Thursday, October 19, 2017
What trauma did you experience when you were young?
What is trauma? There are traumatic events that take place unexpectedly, and there is ongoing trauma that happens for some people. And really it is the trauma that develops inside a person that is the real trauma. This trauma is the emotions that get stuck and the negative self-beliefs that are formed from these emotions.
Young children have no skills for coping with either unexpected traumatic events or ongoing trauma. They have no resources. They are reliant on the adults that care for them, to protect them and support them to healthily deal with emotions. During the first 3 years their brains are rapidly developing. The brain is very vulnerable, especially at that time. Disrupted brain development can result in brain pathways not being formed in a functional working way leading to emotional, cognitive, behavioural and/or interpersonal deficits or disorders. And psychological research is showing that there is a link between trauma in childhood and adult health problems.
What took place for you in your early years? The results of trauma play out all through your life. It’s not so much what the trauma is, but what happened inside you. Do you become scared of people? Did you become unable to have a close relationship? Did you comply and agree and do people pleasing behaviours? Did you become a workaholic, or an alcoholic or a substance abuser to run away from it? Or are the effects more subtle, like me. When I was a baby, my older brother was ill with polio for a long time, and it seems to me that I was crying a lot and I was not heard. This led to feelings and internal beliefs of unworthiness, not being heard, the need to be “good”, not wanting to speak up for myself, not valuing myself.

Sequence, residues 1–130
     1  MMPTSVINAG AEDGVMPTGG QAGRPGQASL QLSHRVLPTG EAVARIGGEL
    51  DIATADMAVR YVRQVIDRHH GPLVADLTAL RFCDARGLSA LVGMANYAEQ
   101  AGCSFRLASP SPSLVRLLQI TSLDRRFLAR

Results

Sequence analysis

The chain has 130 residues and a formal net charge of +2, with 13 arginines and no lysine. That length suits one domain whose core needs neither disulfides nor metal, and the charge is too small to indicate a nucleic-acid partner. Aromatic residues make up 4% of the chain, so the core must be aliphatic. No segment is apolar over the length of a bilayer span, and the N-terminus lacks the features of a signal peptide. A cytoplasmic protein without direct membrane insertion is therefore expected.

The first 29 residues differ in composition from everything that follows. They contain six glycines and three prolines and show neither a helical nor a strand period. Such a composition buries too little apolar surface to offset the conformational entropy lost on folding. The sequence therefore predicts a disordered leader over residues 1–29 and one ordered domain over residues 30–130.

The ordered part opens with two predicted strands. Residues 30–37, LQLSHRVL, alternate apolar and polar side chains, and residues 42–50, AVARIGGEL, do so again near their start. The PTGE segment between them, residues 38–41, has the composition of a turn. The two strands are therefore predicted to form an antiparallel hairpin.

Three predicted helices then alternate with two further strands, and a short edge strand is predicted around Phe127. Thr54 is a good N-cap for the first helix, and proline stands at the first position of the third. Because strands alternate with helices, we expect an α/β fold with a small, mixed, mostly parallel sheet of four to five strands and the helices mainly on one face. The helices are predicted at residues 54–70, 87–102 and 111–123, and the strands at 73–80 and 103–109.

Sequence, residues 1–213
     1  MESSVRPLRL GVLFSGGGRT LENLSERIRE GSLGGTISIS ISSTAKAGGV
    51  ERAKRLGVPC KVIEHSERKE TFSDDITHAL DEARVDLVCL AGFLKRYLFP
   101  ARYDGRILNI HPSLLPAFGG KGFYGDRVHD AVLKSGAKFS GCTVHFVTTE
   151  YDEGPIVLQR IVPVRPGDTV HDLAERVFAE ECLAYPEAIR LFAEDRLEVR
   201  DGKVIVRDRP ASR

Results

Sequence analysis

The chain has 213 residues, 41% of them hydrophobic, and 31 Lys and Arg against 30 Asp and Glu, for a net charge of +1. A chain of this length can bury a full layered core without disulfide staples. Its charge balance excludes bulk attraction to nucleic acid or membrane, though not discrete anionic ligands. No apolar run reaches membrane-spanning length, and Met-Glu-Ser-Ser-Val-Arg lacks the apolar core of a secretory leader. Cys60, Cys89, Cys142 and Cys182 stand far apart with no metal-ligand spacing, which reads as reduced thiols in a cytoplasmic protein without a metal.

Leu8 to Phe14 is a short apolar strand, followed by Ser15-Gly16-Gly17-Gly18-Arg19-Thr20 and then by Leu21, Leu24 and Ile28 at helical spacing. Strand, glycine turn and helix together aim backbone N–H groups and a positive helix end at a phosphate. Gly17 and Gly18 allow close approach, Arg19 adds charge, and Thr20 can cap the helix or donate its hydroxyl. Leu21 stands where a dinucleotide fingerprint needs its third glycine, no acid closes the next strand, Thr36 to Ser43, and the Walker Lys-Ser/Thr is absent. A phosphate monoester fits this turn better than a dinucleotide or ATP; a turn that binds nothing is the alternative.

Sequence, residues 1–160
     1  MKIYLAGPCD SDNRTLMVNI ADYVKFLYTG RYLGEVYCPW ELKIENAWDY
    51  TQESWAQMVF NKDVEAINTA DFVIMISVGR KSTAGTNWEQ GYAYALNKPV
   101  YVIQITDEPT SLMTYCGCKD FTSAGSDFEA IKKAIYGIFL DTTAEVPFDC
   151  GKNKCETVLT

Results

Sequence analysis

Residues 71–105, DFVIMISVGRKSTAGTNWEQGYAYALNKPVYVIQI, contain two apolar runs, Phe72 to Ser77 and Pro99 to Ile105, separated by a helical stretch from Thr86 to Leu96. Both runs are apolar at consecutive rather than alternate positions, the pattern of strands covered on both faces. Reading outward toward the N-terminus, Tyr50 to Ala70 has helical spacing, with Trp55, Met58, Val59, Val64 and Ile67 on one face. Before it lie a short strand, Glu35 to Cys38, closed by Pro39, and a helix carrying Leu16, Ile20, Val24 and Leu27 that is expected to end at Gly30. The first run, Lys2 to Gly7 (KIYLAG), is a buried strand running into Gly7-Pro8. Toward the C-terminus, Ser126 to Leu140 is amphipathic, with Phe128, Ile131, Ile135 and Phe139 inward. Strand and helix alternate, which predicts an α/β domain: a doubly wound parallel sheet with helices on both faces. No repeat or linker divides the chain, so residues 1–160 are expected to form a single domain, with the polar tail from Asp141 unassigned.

If the child’s significant carer is unknowingly part of the trauma, maybe by not being available, or by providing inconsistent love, or by not meeting basic needs, or by not protecting the child, then the child is going to grow up feeling the impact every day. Those first few years are so profoundly important for a person.
When we think about how widespread trauma and its effects are, it would be easy to feel despair. How can someone overcome the internal impact of trauma which happened when so very young and vulnerable? When young there is no way for a child to develop healthy emotional responses, unless the adults around provide loving mature support.
But can it be done later? YES. There are many forms of help available. You can choose the one that feels right for you. Whether it is talking and understanding the trauma and the impact, or emotional release work, or body work, or spiritual work. Trauma can turn into empowerment. Trauma can be growth for you. Through facing your own trauma and the emotions attached, there can develop a greater compassion for yourself, and greater compassion for others. This can lead to you living a more satisfying and authentic life.